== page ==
But at some point before the ALGOL-68 standardisation process it was recognised that that syntax, no matter how elegant, was also susceptible to the dangling-else problem... note that I'm not calling it an ambiguity, but it's definitely a problem.
It's not a "problem", it is a consequence of the language not requiring explicit statement terminators for some constructs, e.g, if <statements> fi, or case <statements> esac.  The lack of explicit statement terminators is what causes the dangling else "problem".

Yes and no. It is the ambiguity of one or more statements.  Statement terminators are not necessary for if <cond> then <block> [else <block>]  simply because the block already is terminated with END. Then the else option is just one token lookahead.

Quote
The Pascal language is very well designed.

Which is probably why Wirth made the changes that Mark describes in his next languages Modula-*
Title: Re: Syntax curiosity
Post by: MarkMLl on September 19, 2019, 03:32:43 pm
The point I was trying to make was that dangling else is not an ambiguity as far as the language design was concerned: there is a robust rule which results in the parser always making the same choice when confronted by the same sequence of constructs.

But even though it's not a syntactic ambiguity, it is undoubtedly a problem in that it allows an inattentive (aka busy) or inexperienced user to write code which doesn't behave as he intended.

I for one would love it if that wasn't the case. I'd love it if something like the  if <conditional> then <single statement>  and so on form could be applied in all cases, and for consistency that includes data definition (after all, "Algorithms + Data Structures = Programs" implies that the notation should be orthogonal).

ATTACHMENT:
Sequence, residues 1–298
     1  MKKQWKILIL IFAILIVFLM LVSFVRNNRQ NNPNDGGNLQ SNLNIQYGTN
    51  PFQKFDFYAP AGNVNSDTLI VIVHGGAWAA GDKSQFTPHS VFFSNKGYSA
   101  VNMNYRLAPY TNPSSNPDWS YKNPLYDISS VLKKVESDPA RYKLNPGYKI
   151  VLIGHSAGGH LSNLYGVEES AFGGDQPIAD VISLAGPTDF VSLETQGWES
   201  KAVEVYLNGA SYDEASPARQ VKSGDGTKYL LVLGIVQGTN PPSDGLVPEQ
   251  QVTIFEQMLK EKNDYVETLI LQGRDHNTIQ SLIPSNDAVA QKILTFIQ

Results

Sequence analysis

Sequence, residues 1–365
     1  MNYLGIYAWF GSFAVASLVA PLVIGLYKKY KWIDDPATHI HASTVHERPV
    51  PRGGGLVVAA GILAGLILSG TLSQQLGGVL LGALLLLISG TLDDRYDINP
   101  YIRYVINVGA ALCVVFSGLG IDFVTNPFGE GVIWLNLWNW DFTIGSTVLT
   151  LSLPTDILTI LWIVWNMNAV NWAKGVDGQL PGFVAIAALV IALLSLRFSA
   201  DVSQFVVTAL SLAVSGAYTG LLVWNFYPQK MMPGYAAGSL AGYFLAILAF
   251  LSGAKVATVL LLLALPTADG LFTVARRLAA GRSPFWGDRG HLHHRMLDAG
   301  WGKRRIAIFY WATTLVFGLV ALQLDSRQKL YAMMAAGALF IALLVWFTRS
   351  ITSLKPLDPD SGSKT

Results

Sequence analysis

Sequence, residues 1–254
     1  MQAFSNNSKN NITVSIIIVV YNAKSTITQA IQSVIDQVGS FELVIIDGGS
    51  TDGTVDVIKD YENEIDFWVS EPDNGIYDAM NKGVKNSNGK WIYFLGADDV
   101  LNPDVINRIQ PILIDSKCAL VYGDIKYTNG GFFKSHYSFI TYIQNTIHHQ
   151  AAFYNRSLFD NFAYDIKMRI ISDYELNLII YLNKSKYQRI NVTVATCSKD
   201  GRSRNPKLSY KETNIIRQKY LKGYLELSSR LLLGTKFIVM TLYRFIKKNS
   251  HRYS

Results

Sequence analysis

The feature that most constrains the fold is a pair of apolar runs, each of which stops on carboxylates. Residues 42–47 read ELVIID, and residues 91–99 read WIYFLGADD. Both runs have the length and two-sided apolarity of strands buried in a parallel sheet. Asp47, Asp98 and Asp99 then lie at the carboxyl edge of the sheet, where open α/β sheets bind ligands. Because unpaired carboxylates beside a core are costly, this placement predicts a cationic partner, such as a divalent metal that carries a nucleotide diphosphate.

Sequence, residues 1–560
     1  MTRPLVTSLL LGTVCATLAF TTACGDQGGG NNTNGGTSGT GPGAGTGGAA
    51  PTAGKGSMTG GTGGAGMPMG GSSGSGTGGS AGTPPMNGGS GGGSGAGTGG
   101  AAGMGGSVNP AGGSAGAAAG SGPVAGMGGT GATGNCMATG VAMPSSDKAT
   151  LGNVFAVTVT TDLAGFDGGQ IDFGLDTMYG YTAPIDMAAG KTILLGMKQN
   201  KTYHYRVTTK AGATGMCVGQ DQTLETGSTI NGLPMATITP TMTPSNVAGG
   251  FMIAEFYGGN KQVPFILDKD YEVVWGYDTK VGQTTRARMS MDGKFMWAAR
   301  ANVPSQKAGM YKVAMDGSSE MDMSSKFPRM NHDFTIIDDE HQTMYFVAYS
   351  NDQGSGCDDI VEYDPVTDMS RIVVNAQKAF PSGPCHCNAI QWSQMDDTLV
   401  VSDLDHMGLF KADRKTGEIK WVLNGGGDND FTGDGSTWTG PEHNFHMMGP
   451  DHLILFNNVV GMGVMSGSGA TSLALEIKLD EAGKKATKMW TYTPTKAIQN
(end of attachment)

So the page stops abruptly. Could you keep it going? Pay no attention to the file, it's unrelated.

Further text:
On the other hand, if you design a language to use  if <conditional> then <statement sequence> end  and so on, then you have some chance of implementing it with  begin <statement sequence> end  minimised to the point where a naive compiler can assume that it represents stackframe manipulation: something that generally isn't needed by simple structured program control flow.

MarkMLl
Title: Re: Syntax curiosity
Post by: Munair on September 20, 2019, 07:27:25 pm
But even though it's not a syntactic ambiguity, it is undoubtedly a problem in that it allows an inattentive (aka busy) or inexperienced user to write code which doesn't behave as he intended.

I can confirm that this is indeed the case with Pascal. However, we have to bear in mind the time that the language was developed. Compiler construction was in its infancy and over time significant and important improvements were implemented in successive languages that borrowed from the early greats such as Pascal. And here we touch upon the reason for developing new languages as the old ones almost always stick to their early definitions and rarely undergo syntax improvements that could lift them to modern standards.
Title: Re: Syntax curiosity
Post by: Munair on September 20, 2019, 07:46:30 pm
[Statement terminators are not necessary for if <cond> then <block> [else <block>]  simply because the block already is terminated with END. Then the else option is just one token lookahead.